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June 29, 2013
This bookstore boasts a clientele that once included Jawaharlal Nehru, Rajendra Prasad, Yashwantrao Chavan and CV Raman.
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June 29, 2013
Ideal Book Store, located just outside the perpetually crowded Dadar railway station is a go-to bookshop for Marathi literature.
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June 29, 2013
Despite its sudden closure in 2006, Lotus Books lives on in dog-eared snippets of memory among a certain section of Mumbai readers.
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Does the elephant dance?
In the bloated body of writing on Indian foreign policy, one minor genre is notable for its acuity and elegance: the handful of books written by scholar-diplomats who have served as envoys to India. John Kenneth Galbraith - American ambassador during the early 1960s - is perhaps its best known practitioner. But more illuminating are the books by Walter Crocker, the Australian envoy who wrote a study of Jawaharlal Nehru, and Escott Reid, the Canadian envoy who penned two important accounts of Nehru's foreign policy. David Malone is heir to this tradition. A reputed scholar of international relations, he was Canada's high commissioner to India from 2006 to 2008. He has now written an account of contemporary Indian foreign policy that is unlikely to be surpassed any time soon: so comprehensive is the coverage and so empathetic the treatment.
Does the Elephant Dance? stands out amongst books on this subject that periodically pour off the presses. For one thing, it is informed by a strong historical sensibility and a thorough grasp of the economic forces that are shaping India's international relations. For another, Malone - unlike most other scholars - does not believe that writing about Indian foreign policy and strategy requires a declaration of war on the English language. The book is lucidly and engagingly written, and is as accessible to the lay reader as to the specialist.
Malone's approach to this broad and unwieldy subject is framed around 'three major preoccupations and an important partner'. The preoccupations include managing ties with its immediate neighbours, dealing with China, and ensuring India's emergence as a major player on the global stage. The partner, of course, is the United States.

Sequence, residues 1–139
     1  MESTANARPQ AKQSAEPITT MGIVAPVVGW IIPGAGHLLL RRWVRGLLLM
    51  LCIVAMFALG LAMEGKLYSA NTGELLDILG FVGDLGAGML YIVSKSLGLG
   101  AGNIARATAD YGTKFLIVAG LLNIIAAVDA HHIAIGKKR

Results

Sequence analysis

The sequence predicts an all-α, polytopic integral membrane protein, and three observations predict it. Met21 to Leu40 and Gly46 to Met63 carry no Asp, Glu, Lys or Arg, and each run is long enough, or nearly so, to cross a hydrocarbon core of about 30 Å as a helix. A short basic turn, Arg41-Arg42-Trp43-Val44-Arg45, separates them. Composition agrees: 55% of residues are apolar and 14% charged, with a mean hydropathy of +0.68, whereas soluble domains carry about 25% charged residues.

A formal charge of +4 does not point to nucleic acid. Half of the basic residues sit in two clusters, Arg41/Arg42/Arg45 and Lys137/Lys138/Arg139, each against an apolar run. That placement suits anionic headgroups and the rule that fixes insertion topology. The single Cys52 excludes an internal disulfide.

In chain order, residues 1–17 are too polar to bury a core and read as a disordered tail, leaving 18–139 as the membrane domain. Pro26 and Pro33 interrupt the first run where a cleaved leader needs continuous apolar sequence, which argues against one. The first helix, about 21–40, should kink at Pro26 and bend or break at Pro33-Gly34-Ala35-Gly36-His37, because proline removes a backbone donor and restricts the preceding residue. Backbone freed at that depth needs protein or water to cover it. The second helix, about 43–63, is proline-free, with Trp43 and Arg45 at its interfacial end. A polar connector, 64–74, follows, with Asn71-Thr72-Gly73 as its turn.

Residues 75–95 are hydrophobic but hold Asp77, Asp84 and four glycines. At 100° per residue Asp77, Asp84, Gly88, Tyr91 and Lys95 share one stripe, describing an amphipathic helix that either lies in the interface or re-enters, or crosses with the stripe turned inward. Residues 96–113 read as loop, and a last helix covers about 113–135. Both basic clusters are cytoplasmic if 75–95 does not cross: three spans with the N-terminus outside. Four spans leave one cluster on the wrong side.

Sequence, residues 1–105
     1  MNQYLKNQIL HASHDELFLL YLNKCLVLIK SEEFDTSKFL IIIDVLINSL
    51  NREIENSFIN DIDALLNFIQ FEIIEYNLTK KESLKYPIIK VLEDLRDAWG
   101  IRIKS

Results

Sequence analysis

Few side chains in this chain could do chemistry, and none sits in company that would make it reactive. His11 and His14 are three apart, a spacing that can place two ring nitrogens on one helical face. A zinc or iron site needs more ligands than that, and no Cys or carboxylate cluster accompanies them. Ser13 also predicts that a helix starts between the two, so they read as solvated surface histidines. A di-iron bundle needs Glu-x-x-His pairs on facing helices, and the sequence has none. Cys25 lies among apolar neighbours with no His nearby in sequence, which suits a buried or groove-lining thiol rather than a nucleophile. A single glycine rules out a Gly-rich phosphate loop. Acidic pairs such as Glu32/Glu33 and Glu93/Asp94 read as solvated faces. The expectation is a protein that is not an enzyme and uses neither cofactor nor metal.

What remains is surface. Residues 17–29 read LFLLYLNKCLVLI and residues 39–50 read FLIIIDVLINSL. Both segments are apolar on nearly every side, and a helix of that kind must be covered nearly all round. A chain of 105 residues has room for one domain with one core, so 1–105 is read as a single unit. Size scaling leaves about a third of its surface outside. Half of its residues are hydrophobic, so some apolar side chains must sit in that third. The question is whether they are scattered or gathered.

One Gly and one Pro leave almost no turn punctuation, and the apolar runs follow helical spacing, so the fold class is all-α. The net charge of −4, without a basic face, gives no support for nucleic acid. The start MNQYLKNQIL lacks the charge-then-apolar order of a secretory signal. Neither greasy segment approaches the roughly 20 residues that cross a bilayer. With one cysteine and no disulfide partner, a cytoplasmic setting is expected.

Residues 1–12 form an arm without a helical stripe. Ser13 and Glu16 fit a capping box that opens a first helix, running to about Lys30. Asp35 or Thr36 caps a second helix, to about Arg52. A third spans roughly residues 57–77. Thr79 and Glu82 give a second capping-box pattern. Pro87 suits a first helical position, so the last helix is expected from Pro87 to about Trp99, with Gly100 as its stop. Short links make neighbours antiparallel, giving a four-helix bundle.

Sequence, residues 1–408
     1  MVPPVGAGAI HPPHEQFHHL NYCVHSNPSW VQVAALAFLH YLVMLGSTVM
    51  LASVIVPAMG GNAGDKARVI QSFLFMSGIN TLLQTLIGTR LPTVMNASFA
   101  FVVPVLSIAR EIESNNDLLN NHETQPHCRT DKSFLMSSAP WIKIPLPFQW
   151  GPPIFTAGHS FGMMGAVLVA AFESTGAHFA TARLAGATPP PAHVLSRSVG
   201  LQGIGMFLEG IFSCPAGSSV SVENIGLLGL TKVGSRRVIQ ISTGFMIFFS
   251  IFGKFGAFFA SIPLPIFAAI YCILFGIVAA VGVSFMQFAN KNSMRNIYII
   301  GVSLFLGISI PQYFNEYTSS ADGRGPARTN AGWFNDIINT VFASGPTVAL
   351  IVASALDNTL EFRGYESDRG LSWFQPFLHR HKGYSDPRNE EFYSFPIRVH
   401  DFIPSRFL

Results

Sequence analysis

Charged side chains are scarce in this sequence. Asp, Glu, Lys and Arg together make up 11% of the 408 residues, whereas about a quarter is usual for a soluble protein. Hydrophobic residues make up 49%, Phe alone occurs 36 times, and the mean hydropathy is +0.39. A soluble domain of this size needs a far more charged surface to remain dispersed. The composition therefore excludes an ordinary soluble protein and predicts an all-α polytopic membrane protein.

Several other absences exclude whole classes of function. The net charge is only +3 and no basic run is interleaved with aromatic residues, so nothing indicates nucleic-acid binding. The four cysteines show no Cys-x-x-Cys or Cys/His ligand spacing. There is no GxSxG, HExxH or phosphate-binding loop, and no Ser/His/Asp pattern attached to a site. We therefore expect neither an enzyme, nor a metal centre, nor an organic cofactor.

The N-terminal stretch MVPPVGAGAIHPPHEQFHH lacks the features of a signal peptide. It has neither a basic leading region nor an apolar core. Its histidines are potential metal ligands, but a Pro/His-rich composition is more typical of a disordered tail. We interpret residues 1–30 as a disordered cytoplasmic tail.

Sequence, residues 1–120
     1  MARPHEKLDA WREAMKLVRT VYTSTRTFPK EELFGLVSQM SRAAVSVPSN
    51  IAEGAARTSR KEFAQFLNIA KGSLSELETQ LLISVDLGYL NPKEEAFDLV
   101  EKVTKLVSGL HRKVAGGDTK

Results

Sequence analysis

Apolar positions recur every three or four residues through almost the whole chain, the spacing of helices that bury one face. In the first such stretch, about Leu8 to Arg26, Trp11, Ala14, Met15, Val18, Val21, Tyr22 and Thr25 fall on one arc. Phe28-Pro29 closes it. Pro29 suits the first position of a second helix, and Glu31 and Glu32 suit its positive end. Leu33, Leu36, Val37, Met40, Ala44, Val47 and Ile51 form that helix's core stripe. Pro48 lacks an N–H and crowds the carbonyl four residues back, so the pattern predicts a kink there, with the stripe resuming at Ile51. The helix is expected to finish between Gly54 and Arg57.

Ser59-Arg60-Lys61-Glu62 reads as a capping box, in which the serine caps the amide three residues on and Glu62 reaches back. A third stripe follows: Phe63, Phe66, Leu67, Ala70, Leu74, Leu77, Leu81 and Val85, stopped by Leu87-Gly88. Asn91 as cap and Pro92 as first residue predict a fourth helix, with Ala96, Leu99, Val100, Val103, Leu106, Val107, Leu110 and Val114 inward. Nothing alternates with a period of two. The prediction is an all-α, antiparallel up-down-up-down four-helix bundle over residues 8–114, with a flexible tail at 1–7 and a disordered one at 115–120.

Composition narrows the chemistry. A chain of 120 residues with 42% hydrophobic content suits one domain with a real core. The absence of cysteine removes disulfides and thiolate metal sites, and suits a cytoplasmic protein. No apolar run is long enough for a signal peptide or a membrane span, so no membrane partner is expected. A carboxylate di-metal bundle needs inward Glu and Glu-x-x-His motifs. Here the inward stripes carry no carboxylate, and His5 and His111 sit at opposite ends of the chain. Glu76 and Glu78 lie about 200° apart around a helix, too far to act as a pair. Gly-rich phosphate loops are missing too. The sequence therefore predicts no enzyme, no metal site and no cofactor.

The book effectively comprises three sections. The first has a chapter each on the historical background of India's foreign policy, on the evolution of its economic policies, and on the main security challenges confronting it. Malone seeks to explain current Indian policies in terms of historical continuity and change. The strengths of this approach are evident in the three central chapters dealing with the neighbourhood, China and the US. In these, Malone deftly analyses the historical background to the relationship, the factors that have accounted both for persistent problems and dramatic departures, and the likely future trajectories. While Malone appreciates the mainsprings of Indian policies, he is no uncritical chronicler. India's approach towards its neighbours has, he concedes, 'improved in tone and quality' but New Delhi needs to do more. Even vis-a-vis Pakistan, Malone argues, it is 'the larger, stronger, and more self-confident India' that should take the first step.
Malone's treatment of the Sino-Indian relationship is balanced and clear-eyed. That this relationship will be a mixture of competition and cooperation is widely acknowledged. But Malone presents a superb analysis of the sources of this dynamic and considers how it could help as well as hobble this important relationship. The treatment of India-US ties is similarly nuanced. These, he argues, are based on 'specific shared interests in some areas and quid pro quo arrangements in others, all underscored by strong economic inter-dependence. ' He cautions that crafting 'long-term strategies excessively on systematic cooperation would be hazardous for both nations. '
The last third of the book focuses on India's relations with other parts of Asia, with Europe and Russia, and with multilateral institutions. On the last theme - the area of Malone's previous academic work - his analysis is particularly insightful. He argues that there is an asymmetry between how India perceives its engagement with multilateral forums and how the rest of the world regards these. He trenchantly observes that 'The cleverest person in the room may win many arguments, but still not win the game'.
The book would have benefited from a more focused assessment of the strategic dimensions of Indian foreign policy. There is a chapter on security, but the question of strategy tends to get diffused in the wider discussion of specific bilateral engagements. For instance, the impact of India's acquisition of hard power capabilities on its foreign policy is not addressed in detail. Similarly, the question of ends and means in foreign policy does not get systematic treatment.
But these are quibbles. Does the Elephant Dance? is the best book yet on recent Indian foreign policy. It will be required reading for anyone wanting to make sense of the great transitions underway in India's engagement with the world.
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